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Single-walled Carbon Nanotubes: Exfoliation and Debundling Procedure

Single-walled Carbon Nanotubes Dispersion

The dispersibility and bundle defoliation of single-walled carbon nanotubes (SWCNTs) (724777773735, and  775533, for example), which can be applied to materials produced by the CoMoCAT® process, have been extensively investigated by SouthWest NanoTechnologies (SWeNT®) and at the University of Oklahoma.1 The procedure employed to disperse SWCNTs has a significant impact on the final suspension characteristics, including solution concentration, stability, and the fraction of individual nanotubes. Even though it is possible to obtain a stable dispersion of bundles where the majority of bundles are not exfoliated, the specific aim is to create dispersions of exfoliated tubes. A number of technical approaches, including covalent and non-covalent stabilization of SWCNTs, can be adopted to prepare a stable and homogeneous dispersion of SWCNTs. The non-covalent approach has been of particular interest since the surface structure and properties of the nanotubes remain intact when this methodology is used.

In a typical dispersion procedure, a surfactant is adsorbed on the SWCNT surface and the solution is sonicated, leading to the debundling or exfoliation of the carbon nanotubes. Since an individual nanotube covered by surfactant molecules has a density similar to water, centrifugation at 20,000–170,000 x g is needed to separate carbonaceous impurities and large SWCNT bundles from isolated SWCNTs. Smaller bundles may be separated with an optional second sonication step, which can further increase the fraction of individual tubes in the suspension (see Figure 1).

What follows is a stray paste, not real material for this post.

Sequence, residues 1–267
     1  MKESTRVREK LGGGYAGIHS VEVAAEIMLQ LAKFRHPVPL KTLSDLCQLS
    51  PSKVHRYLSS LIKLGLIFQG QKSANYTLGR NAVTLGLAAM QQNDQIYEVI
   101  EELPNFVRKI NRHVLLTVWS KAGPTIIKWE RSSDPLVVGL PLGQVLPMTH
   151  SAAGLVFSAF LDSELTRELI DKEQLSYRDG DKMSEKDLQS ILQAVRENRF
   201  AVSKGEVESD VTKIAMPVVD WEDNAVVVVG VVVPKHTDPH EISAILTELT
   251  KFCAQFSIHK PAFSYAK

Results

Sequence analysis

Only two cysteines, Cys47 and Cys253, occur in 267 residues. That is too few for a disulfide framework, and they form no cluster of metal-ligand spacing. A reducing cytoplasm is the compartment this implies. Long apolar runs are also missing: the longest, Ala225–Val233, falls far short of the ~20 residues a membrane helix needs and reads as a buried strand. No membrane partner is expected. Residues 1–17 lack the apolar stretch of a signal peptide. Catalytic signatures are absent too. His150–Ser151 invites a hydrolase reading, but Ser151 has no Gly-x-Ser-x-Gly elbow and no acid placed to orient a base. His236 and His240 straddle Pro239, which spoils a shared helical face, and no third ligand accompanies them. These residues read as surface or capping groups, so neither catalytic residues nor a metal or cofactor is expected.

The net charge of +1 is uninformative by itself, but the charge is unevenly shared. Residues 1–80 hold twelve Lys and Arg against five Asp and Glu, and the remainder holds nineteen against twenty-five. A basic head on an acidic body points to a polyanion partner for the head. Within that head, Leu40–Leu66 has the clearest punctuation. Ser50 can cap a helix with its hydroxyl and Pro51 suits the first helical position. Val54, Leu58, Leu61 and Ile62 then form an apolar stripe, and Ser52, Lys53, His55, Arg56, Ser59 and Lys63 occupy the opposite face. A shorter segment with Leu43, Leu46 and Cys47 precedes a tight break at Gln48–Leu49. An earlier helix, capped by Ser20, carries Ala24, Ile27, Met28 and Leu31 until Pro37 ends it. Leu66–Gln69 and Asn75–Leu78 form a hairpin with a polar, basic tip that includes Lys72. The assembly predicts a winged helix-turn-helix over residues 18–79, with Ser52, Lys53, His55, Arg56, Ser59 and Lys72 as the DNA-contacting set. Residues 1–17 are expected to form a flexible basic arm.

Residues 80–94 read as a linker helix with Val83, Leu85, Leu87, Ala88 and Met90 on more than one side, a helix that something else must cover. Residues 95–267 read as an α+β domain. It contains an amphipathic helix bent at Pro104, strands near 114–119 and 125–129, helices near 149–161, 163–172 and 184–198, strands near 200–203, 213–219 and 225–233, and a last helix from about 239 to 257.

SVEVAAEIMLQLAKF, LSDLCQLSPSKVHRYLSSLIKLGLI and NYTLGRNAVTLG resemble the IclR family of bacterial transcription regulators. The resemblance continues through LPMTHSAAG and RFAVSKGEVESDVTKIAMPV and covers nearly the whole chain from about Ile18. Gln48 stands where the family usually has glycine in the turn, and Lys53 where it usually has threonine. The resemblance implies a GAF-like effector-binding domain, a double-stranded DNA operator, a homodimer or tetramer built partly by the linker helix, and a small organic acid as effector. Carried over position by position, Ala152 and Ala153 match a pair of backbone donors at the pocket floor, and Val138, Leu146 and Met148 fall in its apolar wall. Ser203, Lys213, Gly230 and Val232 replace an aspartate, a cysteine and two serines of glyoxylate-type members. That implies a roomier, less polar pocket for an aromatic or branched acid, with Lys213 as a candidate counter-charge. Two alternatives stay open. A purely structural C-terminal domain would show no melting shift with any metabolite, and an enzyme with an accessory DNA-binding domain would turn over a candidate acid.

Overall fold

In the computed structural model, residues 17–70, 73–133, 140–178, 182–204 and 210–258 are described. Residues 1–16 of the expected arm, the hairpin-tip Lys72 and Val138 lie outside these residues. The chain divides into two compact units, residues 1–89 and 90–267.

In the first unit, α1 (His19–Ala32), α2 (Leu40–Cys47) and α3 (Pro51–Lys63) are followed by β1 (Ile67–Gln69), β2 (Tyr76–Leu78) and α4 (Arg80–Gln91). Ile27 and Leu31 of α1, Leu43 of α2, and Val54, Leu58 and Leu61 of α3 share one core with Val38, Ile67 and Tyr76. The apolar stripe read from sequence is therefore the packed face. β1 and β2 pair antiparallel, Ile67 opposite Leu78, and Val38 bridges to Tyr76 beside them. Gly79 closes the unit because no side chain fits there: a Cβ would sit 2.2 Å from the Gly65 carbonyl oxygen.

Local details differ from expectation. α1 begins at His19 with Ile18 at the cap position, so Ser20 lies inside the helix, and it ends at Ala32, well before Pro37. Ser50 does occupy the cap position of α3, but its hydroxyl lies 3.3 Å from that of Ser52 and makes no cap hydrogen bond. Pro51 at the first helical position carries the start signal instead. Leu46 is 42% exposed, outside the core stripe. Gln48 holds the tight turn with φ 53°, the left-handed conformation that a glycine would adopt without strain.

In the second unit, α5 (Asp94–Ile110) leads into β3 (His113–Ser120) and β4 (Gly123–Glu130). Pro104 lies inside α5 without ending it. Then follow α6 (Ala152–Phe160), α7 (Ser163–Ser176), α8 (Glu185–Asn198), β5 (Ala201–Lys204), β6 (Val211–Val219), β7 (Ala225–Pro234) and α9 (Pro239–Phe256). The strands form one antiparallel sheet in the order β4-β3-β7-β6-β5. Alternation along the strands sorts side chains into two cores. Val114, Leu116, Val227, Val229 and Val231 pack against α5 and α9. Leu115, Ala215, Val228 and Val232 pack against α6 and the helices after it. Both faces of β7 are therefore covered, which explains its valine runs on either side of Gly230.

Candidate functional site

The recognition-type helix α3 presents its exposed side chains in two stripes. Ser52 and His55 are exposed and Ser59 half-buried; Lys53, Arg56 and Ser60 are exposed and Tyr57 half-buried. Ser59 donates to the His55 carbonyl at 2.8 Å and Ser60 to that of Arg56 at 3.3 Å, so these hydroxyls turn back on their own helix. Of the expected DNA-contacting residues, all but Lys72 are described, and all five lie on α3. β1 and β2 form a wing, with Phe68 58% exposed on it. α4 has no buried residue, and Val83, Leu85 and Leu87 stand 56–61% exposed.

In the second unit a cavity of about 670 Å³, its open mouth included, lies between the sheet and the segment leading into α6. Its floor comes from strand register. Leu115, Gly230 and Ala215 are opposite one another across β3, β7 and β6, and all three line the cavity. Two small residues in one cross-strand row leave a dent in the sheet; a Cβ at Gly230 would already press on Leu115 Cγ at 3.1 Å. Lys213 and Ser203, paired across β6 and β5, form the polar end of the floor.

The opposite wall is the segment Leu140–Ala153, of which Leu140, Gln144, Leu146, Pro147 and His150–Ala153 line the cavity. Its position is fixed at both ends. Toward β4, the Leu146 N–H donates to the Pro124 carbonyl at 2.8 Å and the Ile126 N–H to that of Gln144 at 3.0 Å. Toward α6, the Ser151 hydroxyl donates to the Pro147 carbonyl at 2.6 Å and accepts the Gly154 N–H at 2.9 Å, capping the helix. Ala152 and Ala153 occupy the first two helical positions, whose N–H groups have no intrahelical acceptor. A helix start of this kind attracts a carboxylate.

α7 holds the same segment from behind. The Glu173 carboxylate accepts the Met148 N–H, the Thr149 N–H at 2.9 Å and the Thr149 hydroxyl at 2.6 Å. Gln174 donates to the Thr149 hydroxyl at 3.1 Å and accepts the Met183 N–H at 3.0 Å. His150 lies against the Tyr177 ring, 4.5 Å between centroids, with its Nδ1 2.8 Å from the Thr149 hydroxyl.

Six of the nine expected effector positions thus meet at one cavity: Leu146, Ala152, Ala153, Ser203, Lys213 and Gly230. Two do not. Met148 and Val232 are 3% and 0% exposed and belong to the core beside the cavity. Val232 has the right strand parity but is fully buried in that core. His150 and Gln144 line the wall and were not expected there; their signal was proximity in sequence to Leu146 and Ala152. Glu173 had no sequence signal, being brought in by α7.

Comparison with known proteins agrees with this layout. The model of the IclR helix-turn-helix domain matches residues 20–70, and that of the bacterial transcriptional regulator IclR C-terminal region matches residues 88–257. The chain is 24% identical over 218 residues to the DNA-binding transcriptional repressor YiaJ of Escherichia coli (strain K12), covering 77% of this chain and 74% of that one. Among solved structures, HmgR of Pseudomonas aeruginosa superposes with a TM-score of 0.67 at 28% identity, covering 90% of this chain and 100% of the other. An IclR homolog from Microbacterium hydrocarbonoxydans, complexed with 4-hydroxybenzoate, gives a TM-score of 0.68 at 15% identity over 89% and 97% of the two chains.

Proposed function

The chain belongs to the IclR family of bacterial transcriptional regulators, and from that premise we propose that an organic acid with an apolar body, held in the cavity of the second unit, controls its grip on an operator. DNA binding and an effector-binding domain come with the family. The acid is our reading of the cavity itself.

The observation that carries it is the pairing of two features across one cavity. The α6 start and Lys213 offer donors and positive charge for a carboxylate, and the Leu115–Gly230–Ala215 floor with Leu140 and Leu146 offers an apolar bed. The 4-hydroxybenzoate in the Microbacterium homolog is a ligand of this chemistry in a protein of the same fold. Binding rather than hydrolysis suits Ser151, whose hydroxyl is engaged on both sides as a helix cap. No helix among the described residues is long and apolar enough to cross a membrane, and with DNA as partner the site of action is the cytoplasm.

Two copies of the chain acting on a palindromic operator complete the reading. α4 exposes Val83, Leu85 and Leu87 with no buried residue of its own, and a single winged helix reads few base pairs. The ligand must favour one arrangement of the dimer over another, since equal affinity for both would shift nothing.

Figure 1. Proposed mechanism of nanotube isolation from bundles (2).

Figure 1.Proposed mechanism of nanotube isolation from bundles(2).

Preparation Instructions

Surfactant Stock Solution – Prepare a sodium cholate hydrate (C6445) solution in deionized water (2 mg/mL). Alternative surfactants include sodium deoxycholate (D6750) and sodium dodecyl sulfate (SDS, 436143).

  1. Ultrasonic processing “frays” the bundle end.
  2. The bundle end becomes a site for additional surfactant adsorption.
  3. Process continues in an “unzippering” fashion.
  4. Process terminates with the release of an isolated, surfactant-coated nanotube in solution.

Dispersion Procedure

  1. Add 1–2 mg of SWCNT to 7 mL of the Surfactant Stock Solution.
  2. Sonicate for 1 hour at a power density of 1 Watt/mL, with a horn sonicator (Z528897 or Z509302 for 110 V, or Z511471 or Z511463 for 220 V) and a microtip (Z192740). The solution should be cooled during sonication.
    Note: Over-sonication can shorten the SWCNTs.
  3. Centrifuge the mixture for 30 minutes at a relative centrifugal force (RCF) of 25,000–32,000 x g. In addition to dispersing SWCNTs, centrifugation can enhance product quality by removing graphite, residual catalyst, and amorphous carbon, as well as large bundles into the pellet. These impurities are minimal in the SWeNT materials.
    Note: Longer centrifugation times and higher RCF values can remove smaller bundles and narrow the distribution in the final suspension.
  4. Dilute the surfactant liquid with Surfactant Stock Solution until the absorption at 780 nm is less than 1 AU in a standard 1 cm path length optical glass cuvette using an instrument that has a double beam spectrometer and a tungsten filament bulb. 
Figure 2. Optical absorbance spectra of exfoliated 6,5 (Catalog Number 704148) and 7,6 (Catalog Number 704121) chirality SWCNTs.

Figure 2.Optical absorbance spectra of exfoliated 6,5 (704148) and 7,6 (704121) chirality SWCNTs.



Tan Y, Resasco DE. 2005. Dispersion of Single-Walled Carbon Nanotubes of Narrow Diameter Distribution. J. Phys. Chem. B. 109(30):14454-14460.
Strano MS, Moore VC, Miller MK, Allen MJ, Haroz EH, Kittrell C, Hauge RH, Smalley RE. 2003. The Role of Surfactant Adsorption during Ultrasonication in the Dispersion of Single-Walled Carbon Nanotubes. j nanosci nanotechnol. 3(1):81-86.
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